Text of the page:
Personally I would advise to not weld it. Frames are NEVER meant to be welded on, the heat weakens the steel and in time it will crack every single time. Through bolts with rubber pads as isolators between frame and bed using the stock mounting holes in the frame or large ubolts have never failed me, including my 26' conveyor loading trucks at work that get royally beaten 12 hours a day loading and unloading roofing materials loaded by forklifts and delivering to the roof. Beds have never shifted or loosened in 10 plus years of service

Wrong!!   You should talk to a welder, he or she may teach you a few things.   Iíve probably welded on 100ís of frames.  Not one ever cracked.  Metallurgy on frames is pretty basic steel, nothing special about it.  No pre heat post heat and the likes.  Just a good welder and someone who knows what they are doing. 
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Re: Any Tips Or Tricks On Installing A Flatbed On A Truck
« Reply #12 on: September 11, 2021, 09:12:53 PM »
If its welded behind the axle even if it weakend the frame you would be fine. Bolt and weld away.
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Re: Any Tips Or Tricks On Installing A Flatbed On A Truck
« Reply #13 on: September 11, 2021, 09:12:59 PM »
Personally I would advise to not weld it. Frames are NEVER meant to be welded on, the heat weakens the steel and in time it will crack every single time. Through bolts with rubber pads as isolators between frame and bed using the stock mounting holes in the frame or large ubolts have never failed me, including my 26' conveyor loading trucks at work that get royally beaten 12 hours a day loading and unloading roofing materials loaded by forklifts and delivering to the roof. Beds have never shifted or loosened in 10 plus years of service

I believe youíre thinking of medium duty & heavy duty frames, which use tempered steel. I think tempered steel requires some specific processes to weld on or drill, but pickups donít use tempered steel frames, they use mild steel. Theyíre welded on all the time without troubles.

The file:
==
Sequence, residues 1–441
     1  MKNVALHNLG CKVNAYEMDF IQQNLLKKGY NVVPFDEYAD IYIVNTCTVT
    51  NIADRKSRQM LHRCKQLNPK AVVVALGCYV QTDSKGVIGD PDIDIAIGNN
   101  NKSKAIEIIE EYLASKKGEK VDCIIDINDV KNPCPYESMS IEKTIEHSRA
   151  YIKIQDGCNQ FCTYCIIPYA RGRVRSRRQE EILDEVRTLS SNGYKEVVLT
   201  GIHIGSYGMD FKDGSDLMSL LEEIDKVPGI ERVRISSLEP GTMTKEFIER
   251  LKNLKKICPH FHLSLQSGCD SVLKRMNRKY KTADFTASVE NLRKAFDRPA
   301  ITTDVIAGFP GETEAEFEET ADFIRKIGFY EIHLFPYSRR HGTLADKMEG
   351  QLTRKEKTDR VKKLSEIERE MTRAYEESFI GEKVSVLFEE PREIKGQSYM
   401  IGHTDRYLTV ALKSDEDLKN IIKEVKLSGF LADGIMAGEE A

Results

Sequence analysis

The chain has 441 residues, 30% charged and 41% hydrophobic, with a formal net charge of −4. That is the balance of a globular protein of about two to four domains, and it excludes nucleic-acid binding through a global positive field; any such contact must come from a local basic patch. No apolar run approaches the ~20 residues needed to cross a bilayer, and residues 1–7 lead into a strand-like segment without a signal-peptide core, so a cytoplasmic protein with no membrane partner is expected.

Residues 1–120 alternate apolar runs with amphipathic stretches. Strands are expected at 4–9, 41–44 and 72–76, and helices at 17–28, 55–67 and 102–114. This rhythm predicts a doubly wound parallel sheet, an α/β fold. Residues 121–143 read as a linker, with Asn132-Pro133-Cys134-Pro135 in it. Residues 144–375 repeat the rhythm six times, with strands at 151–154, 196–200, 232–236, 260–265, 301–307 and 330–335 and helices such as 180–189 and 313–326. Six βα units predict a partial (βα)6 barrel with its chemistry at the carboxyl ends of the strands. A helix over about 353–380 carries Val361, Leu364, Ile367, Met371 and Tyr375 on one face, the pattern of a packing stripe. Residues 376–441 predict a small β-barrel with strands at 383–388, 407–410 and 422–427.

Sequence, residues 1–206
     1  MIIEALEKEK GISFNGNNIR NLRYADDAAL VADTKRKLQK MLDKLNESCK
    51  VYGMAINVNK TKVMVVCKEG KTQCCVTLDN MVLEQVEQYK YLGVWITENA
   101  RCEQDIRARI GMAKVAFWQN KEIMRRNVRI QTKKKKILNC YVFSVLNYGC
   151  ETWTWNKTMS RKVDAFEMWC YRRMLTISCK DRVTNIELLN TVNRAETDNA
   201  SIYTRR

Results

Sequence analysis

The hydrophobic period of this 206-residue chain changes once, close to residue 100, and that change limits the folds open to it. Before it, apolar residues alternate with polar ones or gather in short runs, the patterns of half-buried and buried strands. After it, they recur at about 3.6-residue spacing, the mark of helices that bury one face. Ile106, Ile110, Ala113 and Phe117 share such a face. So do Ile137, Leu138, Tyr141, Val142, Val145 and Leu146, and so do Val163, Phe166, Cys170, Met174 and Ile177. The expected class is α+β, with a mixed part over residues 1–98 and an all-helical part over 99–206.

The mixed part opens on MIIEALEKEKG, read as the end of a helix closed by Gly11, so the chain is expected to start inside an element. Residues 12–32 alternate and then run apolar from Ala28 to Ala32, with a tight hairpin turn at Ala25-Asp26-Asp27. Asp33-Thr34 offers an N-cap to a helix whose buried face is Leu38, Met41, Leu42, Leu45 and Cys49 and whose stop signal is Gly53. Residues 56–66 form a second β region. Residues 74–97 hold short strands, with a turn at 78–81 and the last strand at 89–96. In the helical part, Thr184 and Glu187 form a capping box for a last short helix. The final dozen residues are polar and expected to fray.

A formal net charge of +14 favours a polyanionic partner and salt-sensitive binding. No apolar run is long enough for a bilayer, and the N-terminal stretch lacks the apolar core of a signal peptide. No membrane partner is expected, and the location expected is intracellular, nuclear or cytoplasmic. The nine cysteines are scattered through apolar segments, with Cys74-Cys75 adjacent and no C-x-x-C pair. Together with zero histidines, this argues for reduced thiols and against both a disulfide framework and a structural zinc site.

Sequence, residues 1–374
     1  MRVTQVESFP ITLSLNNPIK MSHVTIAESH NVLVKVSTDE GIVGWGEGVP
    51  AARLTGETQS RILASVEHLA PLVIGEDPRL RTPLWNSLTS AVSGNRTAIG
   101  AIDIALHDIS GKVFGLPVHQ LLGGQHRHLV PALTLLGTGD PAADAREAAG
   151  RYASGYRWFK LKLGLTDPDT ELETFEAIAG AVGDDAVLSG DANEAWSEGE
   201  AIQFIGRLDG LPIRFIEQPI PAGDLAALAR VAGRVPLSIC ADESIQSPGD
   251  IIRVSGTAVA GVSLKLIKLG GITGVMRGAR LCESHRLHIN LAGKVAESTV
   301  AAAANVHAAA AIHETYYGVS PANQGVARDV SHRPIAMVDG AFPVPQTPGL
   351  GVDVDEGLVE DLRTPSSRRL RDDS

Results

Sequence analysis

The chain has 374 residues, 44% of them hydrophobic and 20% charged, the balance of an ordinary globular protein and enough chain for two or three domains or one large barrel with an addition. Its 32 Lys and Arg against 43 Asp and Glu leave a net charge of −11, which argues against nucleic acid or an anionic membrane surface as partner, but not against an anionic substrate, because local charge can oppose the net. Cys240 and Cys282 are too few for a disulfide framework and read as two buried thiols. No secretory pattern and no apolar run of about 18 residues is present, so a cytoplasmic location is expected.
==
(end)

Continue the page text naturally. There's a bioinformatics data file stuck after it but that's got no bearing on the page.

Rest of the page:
Offline Norman89

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Re: Any Tips Or Tricks On Installing A Flatbed On A Truck
« Reply #14 on: September 16, 2021, 07:38:31 AM »
I can tell you if you weld a frame on a Kenworth, Peterbuilt, sterling,paccar, freightliner, heavy ford Chevy or dodge you instantly just voided the warrenty. And dealer will tell you to get bent on repairs, you ignored the sticker ON THE FRAME from the factory instructing you not to do so. Previos shop I worked at had multiple dump trucks red flagged at the scales for welded frame patches where the torque arms on a mack had cracked the frame and had been welded back in. They started to plate the inside of the frame so it couldn't be seen that the frame was welded so they wouldn't get red flagged but DOT had there number by that point and they started replacing frames to keep DOT off there back. I have over 50 trucks in my fleet and every truck that was retired was from a frame that cracked from a flatbed being welded on. Still have a 89 Peterbuilt sitting in the back of the yard with a broken frame. I have welded flatbeds onto Toyota wheeler trucks that were mostly tube chassis and it cracked in the first year of being a trailer queen, but I wouldn't do it on a over the road truck ever. When insurance gets involved and they find that stuff that's how you end up losing your tail end in a lawsuit after a wreck where someone gets injured. This is why most flatbeds now come with a bumper built into it and tow hitches for bumper pull gooseneck and fifth wheel rails. Some are option with brackets to brace the hitch to the frame but never welded that I have seen. In the chance of a wreck you sky rocket your odds of totalling the truck with a welded frame to bed connection because there is nothing to give. This is why trucks are now built with a "crumple zone" in the frame that will give out before the passenger compartment takes any severe damage  I saw this many many many times when I worked in the wrecking yard. People would buy up any truck with a crumple zone drill out the rivets replace the bent section and resell the trucks. Rangers were a common one to get bought instead of disassembled. The last 15 trucks I have ordered at work have all been ubolt or plate and bolt systems for bed mounting, I'll stick with it and my insurance company is happy with it
« Last Edit: September 16, 2021, 07:51:43 AM by Norman89 »